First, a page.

Home Inspectors Look for in St. Louis Homes
Investing in a professional home inspection is crucial for understanding the true condition of any St. Louis property you’re considering. Home inspectors in St. Louis know exactly what potential issues to look for in the area that could turn into expensive problems. Here’s an overview of the top things inspectors closely evaluate when examining St. Louis homes.
St. Louis lies in a zone of seismic risk, so inspectors check for structural integrity and earthquake preparedness. They look for foundation cracks or shifts that could indicate instability. Reinforced framing in walls and bracing on water heaters and tall furniture to prevent tip-overs is important. Chimneys should be well-secured. Homes built before 1994 when seismic codes were adopted need retrofits.
Inspectors examine roofs closely since they take a beating from Missouri’s extreme weather. They look for damaged, curling, or missing shingles and degraded rubber boots around vents. Stains on ceilings can indicate leaks. Older roofs near the end of their useful life may need full replacement. Flashing details around chimneys and valleys should be robust.
Proper attic ventilation is crucial in St. Louis’ humid climate. Inspectors check for adequate intake vents at the roof eave and exhaust vents at the ridge. This air circulation prevents moisture buildup. Insulation baffles around vents keep air flowing freely into the attic. Lack of ventilation causes mold, rot, and other moisture damage.
Inspectors evaluate the lay of the land around the home checking for proper drainage. They look for sloping yards, with downspouts emptying several feet from the foundation. Low spots or negative grades toward the house can lead to wet basements. Water should flow away from the home on all sides.
Basements take a beating in St. Louis, so inspectors check for past or ongoing moisture infiltration. Signs include efflorescence on walls, mold, musty smells, and stained carpets. They look for CPVC sump pumps and adequate ground slopes around window wells. Battery backup pumps provide protection when the power fails.
Old, corroded plumbing is a common issue in older city homes. Inspectors check under sinks for leaks, loose fittings, and corrosion. Showers, tubs, and toilets are run to check for proper drainage. Water pressure and hot water recovery times are noted. Signs of past leaks like water stains on walls or ceilings raise concerns.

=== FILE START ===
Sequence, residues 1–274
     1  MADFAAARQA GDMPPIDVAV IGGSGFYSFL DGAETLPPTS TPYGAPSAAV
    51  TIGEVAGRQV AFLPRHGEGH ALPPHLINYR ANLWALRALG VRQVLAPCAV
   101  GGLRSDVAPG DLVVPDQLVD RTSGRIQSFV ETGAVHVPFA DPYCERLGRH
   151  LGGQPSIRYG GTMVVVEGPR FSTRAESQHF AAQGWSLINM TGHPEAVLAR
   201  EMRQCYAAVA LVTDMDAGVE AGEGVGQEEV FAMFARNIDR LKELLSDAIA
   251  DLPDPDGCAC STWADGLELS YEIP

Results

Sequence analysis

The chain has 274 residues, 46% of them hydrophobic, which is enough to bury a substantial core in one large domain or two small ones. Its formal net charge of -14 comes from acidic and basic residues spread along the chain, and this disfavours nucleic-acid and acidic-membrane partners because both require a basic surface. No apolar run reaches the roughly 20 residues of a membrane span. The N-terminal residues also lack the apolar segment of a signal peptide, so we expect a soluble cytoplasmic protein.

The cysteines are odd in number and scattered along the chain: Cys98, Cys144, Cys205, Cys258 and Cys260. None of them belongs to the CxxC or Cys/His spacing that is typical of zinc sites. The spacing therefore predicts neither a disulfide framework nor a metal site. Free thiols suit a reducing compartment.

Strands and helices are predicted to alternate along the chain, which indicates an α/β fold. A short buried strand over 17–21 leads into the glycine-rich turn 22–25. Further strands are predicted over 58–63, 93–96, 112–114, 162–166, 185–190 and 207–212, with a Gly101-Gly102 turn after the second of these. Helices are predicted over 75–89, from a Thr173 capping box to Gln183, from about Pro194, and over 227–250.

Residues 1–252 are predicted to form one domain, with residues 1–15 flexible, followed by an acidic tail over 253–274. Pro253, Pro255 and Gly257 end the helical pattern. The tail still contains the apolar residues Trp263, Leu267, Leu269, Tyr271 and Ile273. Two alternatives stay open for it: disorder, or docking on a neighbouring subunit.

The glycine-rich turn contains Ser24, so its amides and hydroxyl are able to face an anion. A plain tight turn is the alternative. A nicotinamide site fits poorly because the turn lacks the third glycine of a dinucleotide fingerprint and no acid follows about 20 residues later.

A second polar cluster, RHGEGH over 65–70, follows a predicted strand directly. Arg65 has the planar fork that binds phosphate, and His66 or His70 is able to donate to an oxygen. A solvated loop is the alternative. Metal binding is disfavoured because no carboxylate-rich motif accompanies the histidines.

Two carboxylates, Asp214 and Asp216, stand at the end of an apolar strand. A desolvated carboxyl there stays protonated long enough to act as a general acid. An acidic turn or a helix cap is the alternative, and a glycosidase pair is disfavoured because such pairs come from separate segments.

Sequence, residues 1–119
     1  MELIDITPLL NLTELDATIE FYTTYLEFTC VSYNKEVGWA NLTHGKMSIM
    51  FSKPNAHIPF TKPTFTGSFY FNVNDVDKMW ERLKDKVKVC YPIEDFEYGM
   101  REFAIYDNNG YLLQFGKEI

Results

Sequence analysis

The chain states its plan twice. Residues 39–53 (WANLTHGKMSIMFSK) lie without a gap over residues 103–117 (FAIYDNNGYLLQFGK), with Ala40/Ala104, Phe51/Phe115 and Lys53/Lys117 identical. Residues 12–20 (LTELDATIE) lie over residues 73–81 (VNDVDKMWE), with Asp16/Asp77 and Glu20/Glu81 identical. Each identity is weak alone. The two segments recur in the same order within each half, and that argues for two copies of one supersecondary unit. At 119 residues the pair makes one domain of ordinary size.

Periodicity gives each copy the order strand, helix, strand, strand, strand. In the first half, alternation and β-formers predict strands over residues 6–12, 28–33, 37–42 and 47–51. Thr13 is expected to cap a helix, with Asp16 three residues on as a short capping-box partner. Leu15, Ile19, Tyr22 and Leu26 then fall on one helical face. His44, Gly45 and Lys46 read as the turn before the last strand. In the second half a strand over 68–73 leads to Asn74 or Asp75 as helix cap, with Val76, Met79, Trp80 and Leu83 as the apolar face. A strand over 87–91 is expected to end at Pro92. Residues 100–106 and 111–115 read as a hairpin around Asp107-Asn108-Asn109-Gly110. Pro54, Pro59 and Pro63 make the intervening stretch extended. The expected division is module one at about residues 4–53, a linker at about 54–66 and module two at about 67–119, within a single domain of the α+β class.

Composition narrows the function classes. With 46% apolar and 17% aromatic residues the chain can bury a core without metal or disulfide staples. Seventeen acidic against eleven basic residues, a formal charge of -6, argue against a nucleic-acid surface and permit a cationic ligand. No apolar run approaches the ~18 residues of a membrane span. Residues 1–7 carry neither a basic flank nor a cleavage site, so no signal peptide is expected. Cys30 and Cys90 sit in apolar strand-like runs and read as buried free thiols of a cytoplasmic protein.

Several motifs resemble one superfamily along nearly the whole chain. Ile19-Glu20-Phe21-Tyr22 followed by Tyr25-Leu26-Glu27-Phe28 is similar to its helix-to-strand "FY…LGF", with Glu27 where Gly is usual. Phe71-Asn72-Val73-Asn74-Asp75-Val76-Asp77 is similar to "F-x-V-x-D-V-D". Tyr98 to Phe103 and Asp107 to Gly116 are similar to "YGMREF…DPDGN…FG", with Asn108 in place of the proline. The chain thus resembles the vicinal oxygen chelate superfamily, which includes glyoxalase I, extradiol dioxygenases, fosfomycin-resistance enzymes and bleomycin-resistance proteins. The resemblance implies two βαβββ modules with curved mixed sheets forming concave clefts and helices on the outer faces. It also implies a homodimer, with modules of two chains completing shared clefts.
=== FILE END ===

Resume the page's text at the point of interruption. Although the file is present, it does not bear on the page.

From old knob-and-tube wiring to overloaded circuits, electrical issues are common. Inspectors check for sufficient amperage, grounding, and safely enclosed wiring. Aluminum wiring requires special precautions. They also look for GFCI outlets within 6 feet of water sources and arc fault breakers. The electrical panel should not have any empty breaker slots.
Inspectors thoroughly assess furnace age, type, and performance. Old systems often lack efficiency and proper venting. They check for sufficient airflow in heating and AC modes. Filters should be clean and ductwork well-sealed. Smart thermostats indicate upgrades for energy savings.
Poor insulation makes for costly energy bills and discomfort. Inspectors evaluate insulation levels in walls, attics, and crawlspaces. Wall insulation often settles over time. Attics should have 10-14 inches of batt or blown-in insulation. Foam seals around openings prevent air leakage.
Windows takes abuse from the elements. Inspectors check for loose frames, broken seals, worn weather tripping, and the presence of safety glazing on glass near doors. Condensation between panes indicates insulated glass seal failure. Opening and closing windows tests operation.
Inspectors look for signs of termites, carpenter ants, cockroaches, mice, and other unwelcome visitors. Mud tubes on the foundation, droppings, and wood damage suggest termite activity. Bait traps and poison baits should be kept away from pets and children.
Working smoke and CO detectors, updated fire extinguishers, and strategic placement are vital. Inspectors also check the fireplace damper operation and watch for creosote buildup in the flue. They ensure handrails feel securely fastened.
Inspectors check appliances for functionality, wear, and age. They ensure ovens, ranges, dishwashers, and refrigerators work properly and don’t show rust, leaks, or damage. As a rule of thumb, most major appliances last 10-15 years before needing replacement.
The EPA lists the St. Louis region as zone 1 for the highest radon risk. Inspectors use passive test kits to screen for this radioactive gas that enters homes from surrounding soils and bedrock. Long-term exposure causes lung cancer.
Homes built before 1978 may contain lead paint, a major health hazard, especially for kids. Inspectors test suspect painted surfaces. Full lead risk assessments may be recommended. Removal requires an EPA-certified contractor.
These key areas give inspectors insight into the overall quality, safety, upgrades, and repairs needed in St. Louis area homes. Addressing issues discovered leads to improved comfort, savings, and value for your new home.